by Charles Hugh Smith, Of Two Minds:
This is the predictable path because it’s the only one that’s politically expedient and doesn’t cause much financial pain until it’s too late to stave off collapse.
While many fear a war between the nuclear powers or the breakdown of civil order, I tend to think the Crisis of 2023-26 is more likely to be financial in nature.
War and civil breakdown are certainly common enough in history, global/nuclear war has been avoided in recent history, largely because wars are typically launched by those who reckon they can win the war. Launching a nuclear strike against a nation with the ability to launch a counterstrike (from submarines, for example, and missiles that survived the first strike) guarantees the destruction of whatever concentrations of population and assets the attacker may have.
The breakdown of civil order has not occurred in developed-world nations for quite some time, as central states can marshal military forces to restore order and issue / borrow money to buy the compliance of the restive populace.
Financial crises, in contrast, remain a constant feature of the modern era, and developed-world nations are perhaps even more vulnerable to financial disorder than developing nations.
As I’ve often noted, systems tend to follow an S-Curve of rapid expansion followed by slower growth during maturity and culminating in stagnation, decline or collapse.
Successful economies generate a double-bind once they reach the stagnation-decline phase: the populace (and capital) both expect strong permanent growth as a birthright, and they see the previous boost-phase and maturity phase as evidence that the economy “should” continue delivering outsized returns on capital and widespread prosperity essentially forever.
They are willing to accept a temporary slowdown/decline as part of the process of prosperity, but their patience quickly runs out if outsized returns and general prosperity aren’t forthcoming.
The stagnation phase has many causes: a reduction in resources or depletion of soil/water resources; a sustained shortage of energy or a sharp rise in the cost of energy; stagnating productivity, and the rise of parasitic elites, insiders who feather their nests at the expense of the many.
All of these factors act as friction in the system, and eventually the system is unable to sustain the parasitic elites, high returns on capital and general prosperity.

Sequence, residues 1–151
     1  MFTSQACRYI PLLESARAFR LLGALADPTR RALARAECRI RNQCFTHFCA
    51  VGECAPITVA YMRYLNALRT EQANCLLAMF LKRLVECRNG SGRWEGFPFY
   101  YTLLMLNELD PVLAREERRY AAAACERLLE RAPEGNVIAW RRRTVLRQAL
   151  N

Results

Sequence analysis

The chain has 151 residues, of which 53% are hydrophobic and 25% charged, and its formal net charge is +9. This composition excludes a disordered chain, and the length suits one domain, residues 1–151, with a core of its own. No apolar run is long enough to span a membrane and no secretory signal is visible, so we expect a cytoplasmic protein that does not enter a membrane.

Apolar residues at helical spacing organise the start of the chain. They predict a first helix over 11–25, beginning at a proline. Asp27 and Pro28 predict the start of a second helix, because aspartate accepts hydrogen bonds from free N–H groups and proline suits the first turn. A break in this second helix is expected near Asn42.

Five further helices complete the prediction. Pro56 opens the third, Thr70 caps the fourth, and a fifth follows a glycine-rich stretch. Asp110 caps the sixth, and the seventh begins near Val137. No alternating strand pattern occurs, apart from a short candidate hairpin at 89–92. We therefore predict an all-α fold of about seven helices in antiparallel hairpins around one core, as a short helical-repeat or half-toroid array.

Any political elite that delivers the bad news that prosperity is over risks being overthrown or voted out of office, and so the ruling elites seek to extend high returns on capital and general prosperity by any means available.
Since they are the parasitic elites, eliminating that source of friction is off the table. Restoring depleted soil/water/energy resources is not possible, and wresting control of others’ resources to exploit is problematic: using force might trigger a wider war, so buying others’resources is the safer answer.
Modern states create new currency by either digital “printing” or borrowing the money into existence. There is little political resistance to creating new money to buy others’ resources, generate high returns on capital and deliver direct transfers of cash to the populace via “make work” employment, social welfare, Universal Basic Income, etc.
You see the double-bind: the ruling class must deliver outsized returns on capital and general prosperity, and the only way they can do so is to create new money rather than new wealth, something that is beyond their power.
Depending on the wealth and productivity of the existing economy, the world may accept this new money as having value for a time. But as the need for more currency increases, ruling elites start to “print” or borrow new currency in excess of what the economy actually generates in income and value.
Eventually the world catches on to the stealth devaluation of the money, and trust in the value of the currency drops, slowly at first and then precipitously.
In developed economies, the ruling elites protect their own incomes and power, and those of capital, as the owners of capital are part of the ruling elite. The net result of this is rising income/wealth inequality as the few increase their share at the expense of the many. (Thomas Piketty characterized this process as a higher rate of return on capital than on labor.)
The political “solution” to stagnation and inequality is QE for the People:increased infrastructure and social welfare spending, benefits that are now costly being subsidized by the state (healthcare, higher education) and Universal Basic Income.
Proponents rarely (if ever) question the bloated cost structure of these protected industries, which benefit entrenched elites (i.e. parasitic elites) at the expense of the overall economy.
Proponents of QE for the People have convinced themselves that essentially unlimited sums of new money can be created and distributed without generating inflation, since all the newly created trillions will be boosting “aggregate demand,” i.e. more consumer demand for more of everything, including resources that are depleted/scarce.
This belief that creating and distributing trillions in new money isn’t inflationary is necessary to suppress the common-sense view that inflation is inevitable once money-creation (and broad distribution of the new money) kicks into high gear.